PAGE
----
We always hear about the electoral college during presidential elections because it’s how we elect the president. Even though we all vote for a candidate, what actually matters is an arcane mathematical formula in which each state gets a proportionate number of electors to actually vote for the president. Our individual votes are supposed to tell our state’s electors whom to vote for.
The idea that a state, a geographic region drawn on a map, votes for a person seems crazy in today’s world. People vote, not land. Electoral votes are based on the population inside those random boundaries. This means a large physical, but low-population state would have less electors than a state with a small physicality and larger population. The number of electors for each state is determined by population; how many representatives plus the two senators each state sends to the U.S. Congress.
This is the thing that’s given us our Red States versus Blue States mentality. Each side has its “safe” electoral votes, and only by getting 270 or more electoral votes nationwide can someone be president.
Hypothetically, this should correspond to who actually gets the most votes, but it doesn’t! In fact, it’s been shown this year, Joe Biden is only likely to win the presidency if he wins the national popular vote by 5 percent or more. Five percent of the votes cast in 2016, our most recent election, would be about 6.4 million votes. To put that into perspective, that is like not counting the votes of all the people (total population, not just voters) in Wyoming, Vermont, Alaska, North Dakota, South Dakota, Delaware, Rhode Island, and Montana combined. I would point out that those states are split evenly red and blue in the current election.
We have a system where someone can get millions more votes than their opponent and still lose! That’s insane. Hillary Clinton won the popular vote in 2016 by 3 million votes but still lost because of the electoral college.
Often, Republicans like the electoral college because losing the popular vote but winning the electoral college is their path to victory. To you fine folks I say that’s a bunch of malarkey. If the shoe was on the other foot, would you be OK with that ? If the blue team had won two out of the last five elections despite not having the popular vote, would you think that’s just fine?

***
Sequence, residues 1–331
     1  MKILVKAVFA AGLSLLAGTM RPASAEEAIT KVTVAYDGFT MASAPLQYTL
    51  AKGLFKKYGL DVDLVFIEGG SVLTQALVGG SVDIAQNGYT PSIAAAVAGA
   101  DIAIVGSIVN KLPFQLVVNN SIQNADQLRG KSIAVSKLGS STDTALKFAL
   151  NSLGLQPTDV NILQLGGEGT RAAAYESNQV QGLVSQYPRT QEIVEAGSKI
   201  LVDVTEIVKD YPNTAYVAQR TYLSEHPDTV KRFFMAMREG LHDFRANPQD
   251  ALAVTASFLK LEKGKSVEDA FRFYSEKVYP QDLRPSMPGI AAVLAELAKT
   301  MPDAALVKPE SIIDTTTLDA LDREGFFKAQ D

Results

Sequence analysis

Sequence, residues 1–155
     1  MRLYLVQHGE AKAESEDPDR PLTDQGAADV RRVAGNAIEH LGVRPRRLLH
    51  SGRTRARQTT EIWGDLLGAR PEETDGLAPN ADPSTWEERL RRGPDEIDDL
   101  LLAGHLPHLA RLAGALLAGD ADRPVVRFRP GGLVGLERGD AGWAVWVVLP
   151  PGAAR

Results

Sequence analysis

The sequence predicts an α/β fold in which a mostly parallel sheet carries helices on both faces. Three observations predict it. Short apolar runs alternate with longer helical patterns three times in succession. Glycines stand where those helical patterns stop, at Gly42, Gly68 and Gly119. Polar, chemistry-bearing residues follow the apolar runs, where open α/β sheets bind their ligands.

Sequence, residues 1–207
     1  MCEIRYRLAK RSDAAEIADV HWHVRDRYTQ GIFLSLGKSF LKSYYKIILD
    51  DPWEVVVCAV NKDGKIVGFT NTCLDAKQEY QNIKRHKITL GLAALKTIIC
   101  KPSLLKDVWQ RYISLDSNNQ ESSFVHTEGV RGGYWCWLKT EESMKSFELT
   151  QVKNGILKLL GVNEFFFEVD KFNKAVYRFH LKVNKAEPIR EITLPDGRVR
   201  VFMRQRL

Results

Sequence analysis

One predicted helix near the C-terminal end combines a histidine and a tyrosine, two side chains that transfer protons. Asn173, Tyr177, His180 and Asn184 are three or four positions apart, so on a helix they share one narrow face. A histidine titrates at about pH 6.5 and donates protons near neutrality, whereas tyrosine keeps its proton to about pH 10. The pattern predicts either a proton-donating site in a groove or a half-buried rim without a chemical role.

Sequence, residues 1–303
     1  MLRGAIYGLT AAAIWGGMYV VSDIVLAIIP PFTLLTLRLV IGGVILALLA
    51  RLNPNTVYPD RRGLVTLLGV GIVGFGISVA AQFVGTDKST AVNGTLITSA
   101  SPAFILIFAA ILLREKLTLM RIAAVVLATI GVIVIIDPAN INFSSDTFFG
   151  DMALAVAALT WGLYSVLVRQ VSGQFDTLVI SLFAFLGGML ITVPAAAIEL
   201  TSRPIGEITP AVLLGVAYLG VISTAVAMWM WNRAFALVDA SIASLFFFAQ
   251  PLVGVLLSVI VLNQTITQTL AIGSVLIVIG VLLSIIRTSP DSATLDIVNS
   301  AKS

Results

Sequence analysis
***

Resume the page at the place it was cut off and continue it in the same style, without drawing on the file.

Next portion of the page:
Furthermore, Republicans in Minnesota, you live in a blue state. It’s a safely blue state. Wouldn’t you like your vote to go toward your candidate’s victory, rather than just being a number that has no effect on the race? Rural populations tend to vote Republican, but they don’t have the numbers to overcome the more populous urban centers that vote Democrat. There just aren’t as many people in all of rural Minnesota as there are in cities. And cities will tend to vote for Dems because larger population centers in a smaller physical space will require more public services than a widespread small rural population.
Everyone should want to abolish the electoral college because it gives more power to their individual votes. “But Patric,” you say, “don’t we live in a republic of states not of people?” And to that I say, nope! In fact, even if you think that’s what the founders intended, it was the Democratic Republicans under Jefferson and Madison who wanted that. Federalists such as Alexander Hamilton, John Adams and even George Washington, who never officially joined the party, believed we are not just a collection of states but one country with one rule and law that superseded states.
Our elections have evolved along with our democracy. Throughout our 200-plus-years history, we have expanded voting rights to women, Black people, non-land-owning males, changed the allotment of electoral votes, changed how we send senators to Congress, and more. We have a moral imperative to always strive for a more equal country. We must amend our U.S. Constitution, as we have many times in our nations’ history, to remove the electoral college. Your vote, red or blue, depends on it.